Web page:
As Scott said in response to the trending slur, “you cannot step out of your lane according to the liberal elite left.” Biden made this clear during his campaign, when he said on a radio show that if you don’t support him and the Democratic Party, “you ain’t black.” This attitude has been present for years and is not limited to politicians. It is present in even the most innocuous instances, such as when Chance the Rapper posted “Black people don’t have to be Democrats” and was met with the same kind of hateful response that Scott is currently experiencing. It is clear that leftists expect entire cultures, such as Black Americans, to exist as monoliths and to reject intellectual diversity in lieu of strict adherence to leftist ideology. This is a racist mentality and is simply un-American.

Disagreement and productive (if contentious) discourse are essential to progress and invaluable to the American character, but the derisive posts and vitriolic comments directed towards Scott had nothing to do with his rebuttal itself, nor did they factor in the quality of the senator as a person. To his opponents, it did not matter that in his remarks he was urging unity and optimism across partisan lines. It did not matter that in the wake of George Floyd’s death he introduced a police reform bill that would have funded body cameras, made lynching a federal crime and addressed use of force and de-escalation practices in police interactions. It did not matter that he is one of three black U.S. Senators in America. No, what leftists focused on was neither the strength of his arguments nor the unassailable content of his character: what they focused on was the color of his skin.

As a single mother to a young daughter, I do not teach my daughter what to think, but rather how to think critically. I am working to raise an independent thinker who arrives at her political beliefs by testing them against the rigors of analysis and logic. That I am Hispanic and Caucasian, and that her father is African are of course important aspects of what makes her who she is. But I will never let her feel confined to a predetermined set of beliefs based on her race. It is appalling and astonishing to me that anyone would presume to be the arbiter on what my daughter is allowed to believe for any reason at all, but especially based on superficial factors that are entirely outside of her control.

At its core, this is more of the same judgement of people based on identity politics metrics that has been the modus operandi of the far left in recent years. As I wrote about recently, we are seeing this in our schools with the dangerous critical race theory that is becoming pervasive in our schools and which is rooted in Marxism and teaches our children to categorize everyone as “oppressed” or as an “oppressor” dependent upon external features. This racist indoctrination is literally teaching people to judge those around us as being morally superior or inferior based on the color of their skin.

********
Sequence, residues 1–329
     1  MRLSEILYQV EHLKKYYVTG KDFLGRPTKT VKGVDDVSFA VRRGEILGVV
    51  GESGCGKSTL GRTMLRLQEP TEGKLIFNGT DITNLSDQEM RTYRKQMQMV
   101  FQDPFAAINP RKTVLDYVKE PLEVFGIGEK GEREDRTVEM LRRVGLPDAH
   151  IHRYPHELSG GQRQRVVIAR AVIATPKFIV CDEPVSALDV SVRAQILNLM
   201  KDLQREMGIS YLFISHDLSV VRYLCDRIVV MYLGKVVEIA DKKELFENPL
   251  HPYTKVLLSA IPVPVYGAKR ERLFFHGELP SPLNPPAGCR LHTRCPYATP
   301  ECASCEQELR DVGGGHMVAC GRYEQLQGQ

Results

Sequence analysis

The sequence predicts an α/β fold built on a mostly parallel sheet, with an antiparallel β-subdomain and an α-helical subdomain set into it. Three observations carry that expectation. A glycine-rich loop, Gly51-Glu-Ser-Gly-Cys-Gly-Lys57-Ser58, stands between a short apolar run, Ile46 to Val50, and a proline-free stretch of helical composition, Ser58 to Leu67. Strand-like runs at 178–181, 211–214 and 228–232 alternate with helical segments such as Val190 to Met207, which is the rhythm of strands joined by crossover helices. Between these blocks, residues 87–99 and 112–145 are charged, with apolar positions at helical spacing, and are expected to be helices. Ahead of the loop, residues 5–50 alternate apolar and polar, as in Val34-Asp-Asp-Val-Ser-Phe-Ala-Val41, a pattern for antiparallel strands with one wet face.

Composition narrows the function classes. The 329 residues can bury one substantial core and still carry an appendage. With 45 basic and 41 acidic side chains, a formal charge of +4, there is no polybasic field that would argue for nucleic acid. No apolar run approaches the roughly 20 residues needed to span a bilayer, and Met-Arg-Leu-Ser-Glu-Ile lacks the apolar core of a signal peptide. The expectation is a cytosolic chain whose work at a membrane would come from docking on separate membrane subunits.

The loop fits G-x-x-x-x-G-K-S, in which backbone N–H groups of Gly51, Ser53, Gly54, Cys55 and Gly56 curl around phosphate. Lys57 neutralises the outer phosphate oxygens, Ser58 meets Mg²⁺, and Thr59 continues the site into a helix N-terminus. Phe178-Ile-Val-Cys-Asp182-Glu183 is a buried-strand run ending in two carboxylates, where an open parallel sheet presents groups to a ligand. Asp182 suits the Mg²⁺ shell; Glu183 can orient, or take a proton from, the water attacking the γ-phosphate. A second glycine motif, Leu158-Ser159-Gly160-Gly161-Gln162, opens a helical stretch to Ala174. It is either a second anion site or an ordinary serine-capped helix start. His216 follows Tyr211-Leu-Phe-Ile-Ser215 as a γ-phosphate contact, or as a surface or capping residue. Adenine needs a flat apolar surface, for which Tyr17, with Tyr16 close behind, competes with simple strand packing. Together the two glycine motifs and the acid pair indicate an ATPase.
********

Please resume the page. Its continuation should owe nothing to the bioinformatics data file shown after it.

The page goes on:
But more broadly, we are witnessing an attack on intellectual diversity as a whole. The heinous and racist language directed at Scott was an attempt to silence dissent and to reject open and thoughtful discourse. And of course, we have seen much of this from the far left in recent years as well. We see it in the cancel culture, such as in the case of the recent firing of actress Gina Carano, which came about after she posted about being hated for her political beliefs. We see it in the Big Tech companies censoring conservative voices.

As the founder of a non-profit organization that defends human rights in oppressive regimes around the world, this type of silencing and suppression of intellectual diversity is what I’ve fought against my entire career. Our nation is built upon the premise that we are all created equal and all have inherent rights by virtue of our humanity, not our race or political ideology. And we fought to make these values universally accepted as human rights after witnessing the Stalin purges and horrors of the Holocaust. That is why we must come together again as Americans and reject the attempts to divide us.

Tina Ramirez is the Virginia chair of Maggie’s List and was a candidate for Congress. She is the president of Hardwired Global, a human rights organization, and was the founding director of the bipartisan International Religious Freedom Caucus in Congress.

THE HILL: ‘A permanent Trump ban has grave implications for global free expression’

As the Facebook Oversight Board prepares to either reinstate or permanently banish former President Donald Trump from the social media platform later this month, their decision will impact more than the fate of a single voice. Countless individuals depend on the site to hold human rights abusers accountable and instigate justice for the oppressed in the court of public opinion. They are waiting to see if the board sets a new global precedent, at least in the court of public opinion, for who or what can determine how and when people can use their voice, if at all.

In today’s world, where social media often serves as the primary vehicle for how people communicate with one another, the board’s decision could have dangerous implications on the freedom of speech, expression and conscience worldwide.